- When you are called on, you must stand.
- You must use the words “my clam is… my warrant is…”
- If you are not speaking, your shoulders and knees must turn toward the speaker.
- Our eyes should be on the speaker (who should be standing)
- Only the person standing is speaking. The rest of us are listening.
When I give the directions, it is done orally and they are not numbered. I simply explain them. I just listed them out for ease of reading.
Then (and this is where it takes a moment of bravery on the teacher) I jump in with the first speaker! Some notes on this:
- I usually ask for volunteers in the first days of school because I don’t want to make a shier student too uncomfortable (and I will work out ideas with them later)
- That said, sometimes students can all be quiet. So I may have to cold-call on students. It can be startling, but I try to do it with as much positivity and as non-pushy as possible.
- I make the speaker stand. Even if they don’t want to. I just smile/laugh, say it’s ok, and tell them to stand up.
- I correct the speaker on the spot if they don’t use the words Claim and Warrant.
- I sit down before I call on the first speaker. I want the speaker to be the only one in the room standing.
- I am hyper-vigilant that every student is turned toward the speaker and looking at the speaker. Though I have passed over the discussion control to a student, I am working even harder to make sure everyone is following along (while trying to keep all messaging positive).
- After the first student, I (still sitting) call on another.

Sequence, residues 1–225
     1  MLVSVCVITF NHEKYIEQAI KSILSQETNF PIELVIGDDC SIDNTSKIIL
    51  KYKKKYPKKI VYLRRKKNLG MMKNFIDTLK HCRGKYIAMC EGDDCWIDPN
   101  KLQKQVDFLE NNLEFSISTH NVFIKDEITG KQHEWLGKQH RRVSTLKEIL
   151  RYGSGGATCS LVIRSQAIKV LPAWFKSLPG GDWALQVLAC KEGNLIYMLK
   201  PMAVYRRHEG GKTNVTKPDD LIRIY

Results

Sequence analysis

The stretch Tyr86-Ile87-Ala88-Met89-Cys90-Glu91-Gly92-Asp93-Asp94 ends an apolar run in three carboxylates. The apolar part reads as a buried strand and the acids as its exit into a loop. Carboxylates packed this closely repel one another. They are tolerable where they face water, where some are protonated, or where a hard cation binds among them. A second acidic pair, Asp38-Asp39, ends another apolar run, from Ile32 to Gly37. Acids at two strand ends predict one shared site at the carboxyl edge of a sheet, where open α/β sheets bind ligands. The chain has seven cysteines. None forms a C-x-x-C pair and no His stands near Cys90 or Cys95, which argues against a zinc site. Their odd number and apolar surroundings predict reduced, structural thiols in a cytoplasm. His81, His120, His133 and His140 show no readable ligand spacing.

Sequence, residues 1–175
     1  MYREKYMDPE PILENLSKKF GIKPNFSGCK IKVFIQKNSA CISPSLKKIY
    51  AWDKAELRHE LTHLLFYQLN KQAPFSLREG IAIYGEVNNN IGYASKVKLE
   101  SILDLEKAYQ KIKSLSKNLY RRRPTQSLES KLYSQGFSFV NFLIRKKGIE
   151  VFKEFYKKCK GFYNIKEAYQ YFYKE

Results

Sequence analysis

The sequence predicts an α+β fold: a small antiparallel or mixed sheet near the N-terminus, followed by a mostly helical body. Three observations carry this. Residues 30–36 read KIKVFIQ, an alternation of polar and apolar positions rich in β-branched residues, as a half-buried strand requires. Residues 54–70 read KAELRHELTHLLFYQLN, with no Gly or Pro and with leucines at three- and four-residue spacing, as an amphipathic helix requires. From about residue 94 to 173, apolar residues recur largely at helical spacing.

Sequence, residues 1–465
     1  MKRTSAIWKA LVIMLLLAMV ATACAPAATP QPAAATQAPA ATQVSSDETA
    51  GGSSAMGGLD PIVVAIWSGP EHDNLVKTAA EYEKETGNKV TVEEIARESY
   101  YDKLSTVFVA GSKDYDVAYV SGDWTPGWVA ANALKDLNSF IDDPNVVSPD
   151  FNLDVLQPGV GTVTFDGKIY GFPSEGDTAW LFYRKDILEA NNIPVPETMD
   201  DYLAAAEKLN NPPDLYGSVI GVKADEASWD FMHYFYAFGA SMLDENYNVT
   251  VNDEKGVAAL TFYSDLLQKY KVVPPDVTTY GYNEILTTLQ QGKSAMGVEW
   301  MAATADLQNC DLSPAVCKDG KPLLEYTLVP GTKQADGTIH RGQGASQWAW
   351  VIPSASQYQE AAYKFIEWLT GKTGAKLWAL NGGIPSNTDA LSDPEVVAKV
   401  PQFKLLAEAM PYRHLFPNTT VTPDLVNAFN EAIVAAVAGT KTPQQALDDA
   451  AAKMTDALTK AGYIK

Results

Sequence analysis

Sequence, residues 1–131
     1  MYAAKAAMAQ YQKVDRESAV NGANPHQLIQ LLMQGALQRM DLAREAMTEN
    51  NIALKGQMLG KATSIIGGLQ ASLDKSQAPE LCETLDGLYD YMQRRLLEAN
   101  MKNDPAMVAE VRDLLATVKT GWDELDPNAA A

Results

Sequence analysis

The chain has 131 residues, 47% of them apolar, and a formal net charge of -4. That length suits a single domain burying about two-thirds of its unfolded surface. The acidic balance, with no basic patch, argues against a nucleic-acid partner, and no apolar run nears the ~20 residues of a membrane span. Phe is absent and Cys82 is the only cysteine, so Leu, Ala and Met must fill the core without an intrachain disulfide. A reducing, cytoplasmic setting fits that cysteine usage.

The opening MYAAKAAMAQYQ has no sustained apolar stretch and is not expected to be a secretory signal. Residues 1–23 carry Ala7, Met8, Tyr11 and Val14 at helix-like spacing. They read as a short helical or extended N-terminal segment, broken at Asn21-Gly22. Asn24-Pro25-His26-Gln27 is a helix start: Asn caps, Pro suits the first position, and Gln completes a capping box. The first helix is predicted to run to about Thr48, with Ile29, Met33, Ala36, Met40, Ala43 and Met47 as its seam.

- Depending on the question and responses, I may only have 3, 4 or 5 speakers for each question. That means 3 students share their favorite movie, then I move onto the second topic and have a few students share out. Sometimes it’s only 1 or 2 for whatever reason. I try to read the room.
And that’s it. Overall, it may take 5-10mins only. I am very actively watching students, correcting body language and sentence starters.
The rest of class may not involve explicit debating again. Early in the year, I tend to just spend roughly 5 minutes per day doing debate activities as the warm up. Then, even though I do not explicitly do a formalized soapbox debate, the culture of student discussion often spills over into rest of class.
- Standing is important. Students may be a little uncomfortable but it is important in establishing the culture and getting students a little out of their comfort zone/passive learning.
- Using the sentence structure “my claim is…my warrant is…” is something I stick to in every response. In later weeks, I may not bother to correct students who don’t use this exact structure, but stressing it in the beginning sets the pattern that answers always have two parts in my class. Students just get in the habit of always explaining their work.
- When I introduce all the structures, I always start with some kind of “fun” topic, like the best movie or best musician. After that we only debate math. It helps to lower the stress of learning a new structure if the content is something students find interesting and are easily opinionated about.
And that’s really it. Everything else I do throughout the year is just variations on soap box debating, a mix of oral (standing) debates and written work that includes warrants (explaining).